Can Blockchain for public procurement reduce corruption?In partnership with the Inter-American Development Bank (IDB) and the Office of the Inspector General of Colombia (Procuraduría General de Colombia), the World Economic Forum has led a multi-stakeholder team to investigate, design and trial the use of blockchain technology for corruption-prone government processes, anchored in the use case of public procurement.

“The initial implementation of an emerging technology inevitably involves trial and error. This section proposes a framework of key performance indicators (KPIs) and evaluation strategies for a blockchain-based e-procurement platform and outlines a general approach to data gathering. For the Transparency Project, the evaluation will be performed upon completion of the software proof-of-concept (PoC) deployment, potentially later in 2020.” (Exploring Blockchain Technology for Government Transparency: Blockchain-Based Public Procurement to Reduce Corruption).

The procurement challenge that corruption presents

In many parts of the world, public-sector corruption is the single-largest challenge. It stifles social, economic and environmental development. Often, corruption centres around a lack of transparency, inadequate record-keeping and low public accountability.

Blockchain and distributed ledger technologies, when applied with care to certain corruption-prone government processes, has the potential to:

  • increase transparency and accountability in these systems
  • reduce the risk or prevalence of corrupt activity.

Dedicated workshops and meetings gathered input:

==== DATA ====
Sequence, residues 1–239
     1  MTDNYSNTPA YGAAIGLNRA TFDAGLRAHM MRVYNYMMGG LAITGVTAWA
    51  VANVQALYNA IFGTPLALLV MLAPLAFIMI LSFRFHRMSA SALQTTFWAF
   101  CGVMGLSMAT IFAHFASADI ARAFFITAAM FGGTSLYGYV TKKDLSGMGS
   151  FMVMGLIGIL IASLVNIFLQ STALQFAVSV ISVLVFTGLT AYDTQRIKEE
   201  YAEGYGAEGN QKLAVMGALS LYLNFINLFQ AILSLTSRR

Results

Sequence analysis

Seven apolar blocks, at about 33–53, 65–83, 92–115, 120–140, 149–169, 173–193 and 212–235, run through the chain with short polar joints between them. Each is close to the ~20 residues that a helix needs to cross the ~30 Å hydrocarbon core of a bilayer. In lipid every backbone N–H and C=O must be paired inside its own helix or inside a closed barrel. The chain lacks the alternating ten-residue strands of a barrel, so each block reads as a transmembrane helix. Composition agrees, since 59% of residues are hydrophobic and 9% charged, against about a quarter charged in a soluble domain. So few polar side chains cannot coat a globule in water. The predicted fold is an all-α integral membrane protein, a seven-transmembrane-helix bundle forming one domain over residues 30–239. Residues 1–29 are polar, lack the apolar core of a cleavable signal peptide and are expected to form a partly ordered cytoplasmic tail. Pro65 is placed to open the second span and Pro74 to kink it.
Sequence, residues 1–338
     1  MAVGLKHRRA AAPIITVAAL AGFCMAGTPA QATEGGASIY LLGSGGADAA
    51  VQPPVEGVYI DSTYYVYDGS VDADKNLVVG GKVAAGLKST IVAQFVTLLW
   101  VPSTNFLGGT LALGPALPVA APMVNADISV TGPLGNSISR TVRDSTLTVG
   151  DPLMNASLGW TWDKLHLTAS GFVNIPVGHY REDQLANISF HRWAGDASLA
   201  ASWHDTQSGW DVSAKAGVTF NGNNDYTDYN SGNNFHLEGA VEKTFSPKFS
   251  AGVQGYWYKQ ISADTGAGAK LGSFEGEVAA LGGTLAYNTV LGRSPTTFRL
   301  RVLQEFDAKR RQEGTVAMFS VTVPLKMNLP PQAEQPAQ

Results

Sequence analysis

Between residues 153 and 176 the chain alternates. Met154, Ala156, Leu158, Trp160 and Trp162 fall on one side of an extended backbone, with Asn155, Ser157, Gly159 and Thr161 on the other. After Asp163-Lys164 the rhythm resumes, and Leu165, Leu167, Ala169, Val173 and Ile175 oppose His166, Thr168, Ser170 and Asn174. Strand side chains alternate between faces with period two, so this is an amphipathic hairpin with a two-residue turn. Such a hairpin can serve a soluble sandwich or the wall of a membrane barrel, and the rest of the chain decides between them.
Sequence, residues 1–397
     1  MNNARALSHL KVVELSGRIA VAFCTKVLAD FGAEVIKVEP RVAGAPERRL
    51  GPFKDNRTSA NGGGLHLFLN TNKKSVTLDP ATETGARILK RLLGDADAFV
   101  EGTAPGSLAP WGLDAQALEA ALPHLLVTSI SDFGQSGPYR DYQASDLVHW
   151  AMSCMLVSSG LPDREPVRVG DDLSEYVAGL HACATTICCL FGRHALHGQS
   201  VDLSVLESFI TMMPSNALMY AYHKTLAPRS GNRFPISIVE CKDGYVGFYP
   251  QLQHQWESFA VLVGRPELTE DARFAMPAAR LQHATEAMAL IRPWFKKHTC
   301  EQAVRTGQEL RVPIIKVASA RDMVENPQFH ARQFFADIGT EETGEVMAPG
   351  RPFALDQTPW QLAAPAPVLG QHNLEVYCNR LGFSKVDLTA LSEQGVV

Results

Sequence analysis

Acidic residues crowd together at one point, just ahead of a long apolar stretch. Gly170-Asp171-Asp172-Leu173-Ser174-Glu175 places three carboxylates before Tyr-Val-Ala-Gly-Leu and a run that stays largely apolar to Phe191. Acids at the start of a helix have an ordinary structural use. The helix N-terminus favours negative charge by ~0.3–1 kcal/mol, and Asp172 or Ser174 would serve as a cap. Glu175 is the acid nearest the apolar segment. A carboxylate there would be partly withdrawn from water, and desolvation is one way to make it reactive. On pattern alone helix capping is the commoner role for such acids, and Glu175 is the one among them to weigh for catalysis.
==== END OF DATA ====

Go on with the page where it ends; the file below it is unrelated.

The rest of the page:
• in Bogotá and Medellín (Colombia)
  • at the World Economic Forum Sustainable Development Impact Summit 2019
  • at the Partnering Against Corruption Initiative (PACI) Biannual Community meeting, at the World Economic Forum Annual Meeting in Davos-Klosters
  • at other venues.

This corruption report

The project developed a blockchain-based software proof-of-concept (PoC) for public procurement. The project is rooted in a software PoC for the fully public and permissionless Ethereum blockchain network. The objective is to uncover:

  • the salient technology trade-offs
  • the limitations with blockchain for public procurement generally.

The project intends to test these in a live procurement auction in Colombia in 2020 and with a fully open and decentralised blockchain configuration.

The system designated is that associated with the procurement of the Programa de Alimentación Escolar (PAE), or public-school meal programme. This is a high-priority public programme providing meals to the country’s most vulnerable children. Historically this programme has been notable for procurement corruption.

Enterprise Times: what does this mean

Blockchain attracts lots of attention for its security and immutability, especially from the high-tech fields for the technology. What the WEF seems to be doing with the IDB is turning the focus around, and looking at the explicit problem – corruption – and then how blockchain may inhibit it.

The project includes policy proposals to strengthen public procurement, as well as governance guidelines for the effective deployment of a blockchain-based system. It also discusses civic engagement strategies which can:

  • strengthen system participation
  • obtain success, through public monitoring.
  • consider the necessary policy, governance and civic engagement elements alongside detailed technical designs.


Please enter your comment!
Please enter your name here